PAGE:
Especially effected are and will be the PIGS (look it up).
Greece has already experienced a hammer blow with its sovereign debt downgraded. The stock market there has taken a hit right along with its government debt.
Spain has a good chance of taking a bullet in the near future - especially in regards to its housing market. Compared to most other European countries, it's just-under-10% decline has been breezy. However, these numbers are reflective only of closed transactions and NOT reflective of the fact that most banks are still hoarding all the mortgage paper (and therefore properties) on their balance sheets. Not marking them down, or selling them. They are pulling the old wait-for-asset-prices-to-rebound so they can get a better price.
Well, since credit is only marginally less day than the Sahara these days, the odds of such a "natural rebound" are slim to none. Furthermore, many Spanish banks holding this paper are looking like attractive short opportunities - once the cat is out of the bag the declines should be as fast or faster than 2008's.
Here is our short-candidate:
Banco Santander (STD on the NYSE)
Overlooking the fact that its stock symbol is certainly not the most pleasant-though-inducing one on the NYSE, there are some factors pointing to overvaluatoin and fast-waning momentum on the upside.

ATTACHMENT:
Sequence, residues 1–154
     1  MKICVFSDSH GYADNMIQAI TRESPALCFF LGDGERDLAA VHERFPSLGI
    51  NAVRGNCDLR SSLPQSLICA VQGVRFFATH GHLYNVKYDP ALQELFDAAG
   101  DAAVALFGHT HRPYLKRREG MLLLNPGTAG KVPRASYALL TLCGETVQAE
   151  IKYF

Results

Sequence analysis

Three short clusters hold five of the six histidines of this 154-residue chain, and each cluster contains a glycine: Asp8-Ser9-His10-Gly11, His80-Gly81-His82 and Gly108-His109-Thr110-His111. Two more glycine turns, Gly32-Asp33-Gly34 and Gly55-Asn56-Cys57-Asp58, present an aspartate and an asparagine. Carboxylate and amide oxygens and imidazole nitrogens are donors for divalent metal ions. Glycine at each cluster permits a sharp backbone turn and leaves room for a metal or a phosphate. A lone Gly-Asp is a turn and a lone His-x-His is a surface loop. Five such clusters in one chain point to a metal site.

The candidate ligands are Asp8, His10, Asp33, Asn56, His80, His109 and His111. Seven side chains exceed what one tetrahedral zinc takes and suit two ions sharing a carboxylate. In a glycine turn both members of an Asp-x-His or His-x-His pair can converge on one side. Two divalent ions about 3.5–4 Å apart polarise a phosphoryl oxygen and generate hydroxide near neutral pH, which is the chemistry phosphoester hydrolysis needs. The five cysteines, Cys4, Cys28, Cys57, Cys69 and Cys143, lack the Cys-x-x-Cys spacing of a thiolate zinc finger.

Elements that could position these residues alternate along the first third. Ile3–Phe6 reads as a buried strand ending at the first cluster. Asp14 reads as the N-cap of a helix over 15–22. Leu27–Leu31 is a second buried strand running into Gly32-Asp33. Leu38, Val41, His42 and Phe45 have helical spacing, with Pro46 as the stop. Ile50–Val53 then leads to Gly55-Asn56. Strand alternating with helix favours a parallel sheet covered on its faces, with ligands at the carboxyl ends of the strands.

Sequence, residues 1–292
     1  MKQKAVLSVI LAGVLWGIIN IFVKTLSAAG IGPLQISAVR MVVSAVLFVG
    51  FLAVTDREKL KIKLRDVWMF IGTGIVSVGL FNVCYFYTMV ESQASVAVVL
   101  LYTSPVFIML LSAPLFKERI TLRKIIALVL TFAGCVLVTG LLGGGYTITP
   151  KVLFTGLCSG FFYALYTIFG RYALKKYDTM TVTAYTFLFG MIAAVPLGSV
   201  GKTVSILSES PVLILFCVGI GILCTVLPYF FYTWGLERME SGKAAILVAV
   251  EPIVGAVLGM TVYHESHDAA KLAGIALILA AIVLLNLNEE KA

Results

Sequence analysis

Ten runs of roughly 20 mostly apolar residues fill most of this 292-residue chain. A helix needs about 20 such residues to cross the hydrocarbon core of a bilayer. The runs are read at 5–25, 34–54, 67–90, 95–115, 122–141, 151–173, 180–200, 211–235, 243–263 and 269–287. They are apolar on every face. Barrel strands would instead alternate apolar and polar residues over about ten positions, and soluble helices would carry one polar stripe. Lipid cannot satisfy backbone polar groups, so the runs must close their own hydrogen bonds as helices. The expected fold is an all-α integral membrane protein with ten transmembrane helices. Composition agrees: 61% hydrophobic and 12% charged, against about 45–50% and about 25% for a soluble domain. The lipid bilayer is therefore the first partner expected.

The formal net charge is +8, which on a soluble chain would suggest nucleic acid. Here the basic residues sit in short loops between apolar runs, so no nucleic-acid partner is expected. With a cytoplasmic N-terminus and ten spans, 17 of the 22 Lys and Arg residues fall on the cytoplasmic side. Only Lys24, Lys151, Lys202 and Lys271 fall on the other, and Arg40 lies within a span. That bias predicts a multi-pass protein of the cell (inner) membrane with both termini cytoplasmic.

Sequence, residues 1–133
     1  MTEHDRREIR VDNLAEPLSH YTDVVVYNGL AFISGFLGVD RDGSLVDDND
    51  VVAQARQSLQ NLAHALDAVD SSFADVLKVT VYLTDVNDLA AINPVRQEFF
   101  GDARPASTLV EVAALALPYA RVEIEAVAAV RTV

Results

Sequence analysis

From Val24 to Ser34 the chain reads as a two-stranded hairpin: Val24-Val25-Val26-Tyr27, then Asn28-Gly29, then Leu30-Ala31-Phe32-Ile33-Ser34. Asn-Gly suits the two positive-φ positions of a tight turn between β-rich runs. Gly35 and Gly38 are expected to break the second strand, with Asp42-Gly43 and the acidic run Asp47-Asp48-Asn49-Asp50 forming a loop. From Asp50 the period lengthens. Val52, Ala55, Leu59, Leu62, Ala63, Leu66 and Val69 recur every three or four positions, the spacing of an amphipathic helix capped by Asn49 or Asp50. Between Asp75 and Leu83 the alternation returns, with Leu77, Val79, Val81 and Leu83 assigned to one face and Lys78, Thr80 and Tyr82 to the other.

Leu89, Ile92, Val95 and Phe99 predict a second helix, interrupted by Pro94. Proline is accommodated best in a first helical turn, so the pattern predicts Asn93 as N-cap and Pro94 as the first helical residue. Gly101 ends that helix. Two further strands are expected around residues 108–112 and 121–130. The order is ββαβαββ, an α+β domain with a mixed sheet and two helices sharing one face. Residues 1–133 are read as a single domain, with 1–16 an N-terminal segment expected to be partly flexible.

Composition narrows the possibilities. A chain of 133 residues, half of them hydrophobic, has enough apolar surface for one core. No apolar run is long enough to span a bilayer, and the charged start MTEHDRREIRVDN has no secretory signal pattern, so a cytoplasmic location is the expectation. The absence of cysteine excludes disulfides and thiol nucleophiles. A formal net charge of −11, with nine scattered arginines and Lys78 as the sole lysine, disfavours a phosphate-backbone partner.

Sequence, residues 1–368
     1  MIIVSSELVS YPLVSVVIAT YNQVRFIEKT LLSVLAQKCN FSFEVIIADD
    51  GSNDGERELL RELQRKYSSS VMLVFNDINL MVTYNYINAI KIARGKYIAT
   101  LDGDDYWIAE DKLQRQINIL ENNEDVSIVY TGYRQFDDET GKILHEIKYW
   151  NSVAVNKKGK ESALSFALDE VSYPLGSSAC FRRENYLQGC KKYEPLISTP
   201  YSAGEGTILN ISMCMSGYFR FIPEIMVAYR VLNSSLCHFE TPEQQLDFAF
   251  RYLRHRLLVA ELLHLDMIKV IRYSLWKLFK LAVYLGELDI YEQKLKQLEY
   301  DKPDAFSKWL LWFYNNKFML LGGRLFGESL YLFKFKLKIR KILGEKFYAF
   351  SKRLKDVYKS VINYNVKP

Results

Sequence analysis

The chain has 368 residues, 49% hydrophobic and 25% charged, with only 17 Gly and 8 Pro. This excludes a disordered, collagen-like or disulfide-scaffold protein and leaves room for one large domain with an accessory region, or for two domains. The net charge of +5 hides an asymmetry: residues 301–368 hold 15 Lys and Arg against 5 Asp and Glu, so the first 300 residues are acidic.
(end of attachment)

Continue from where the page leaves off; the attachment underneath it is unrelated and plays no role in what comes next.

Here's the chart, first and foremost:
Some other neat facts:
Roughly 1.5x book value on assets that are highly over-inflated (even taking a median home market decline for all of Europe puts the assets of this bank at 15% lower in market prices.) - we suspect their assets to be far less valued than this.
Dividend payout is a whopping 95% of income! Who needs cash conservation, right?
Current interest coverage -0.66 (yes, negative ), meaning that their cash inflows from operations (not including taxes etc) are not only not enough to cover interest payments, but the must borrow two thirds of their earnings to pay of current creditors.
Not exactly a financially healthy situation.
Given this company's not-too-prudent financial choices of late and the fact they are hoarding bad assets which will only continue to get worse - forcing write-downs - we are happy to plant the Short Sell flag on this Spanish bank.
It's tough to pick a downside target as of now, however the bank is actually in worse shape financially than it was in 2008. I would say even to move to a semblance of fair book value one could expect a 50% share price loss. Considering the March low was under $4.00 and this stock's trading over $17.00 right now, we could see a more dramatic move than that.
Either way we are shorting this stock at 50% margin and thus every dollar gained is $1.50 (minus feess). We'll keep you posted on the trade as it progresses. We plan on shorting at the open tomorrow unless their is a strong dumb-gap down, which case we will wait for a fill and attempt a short-entry at today's close or just above it.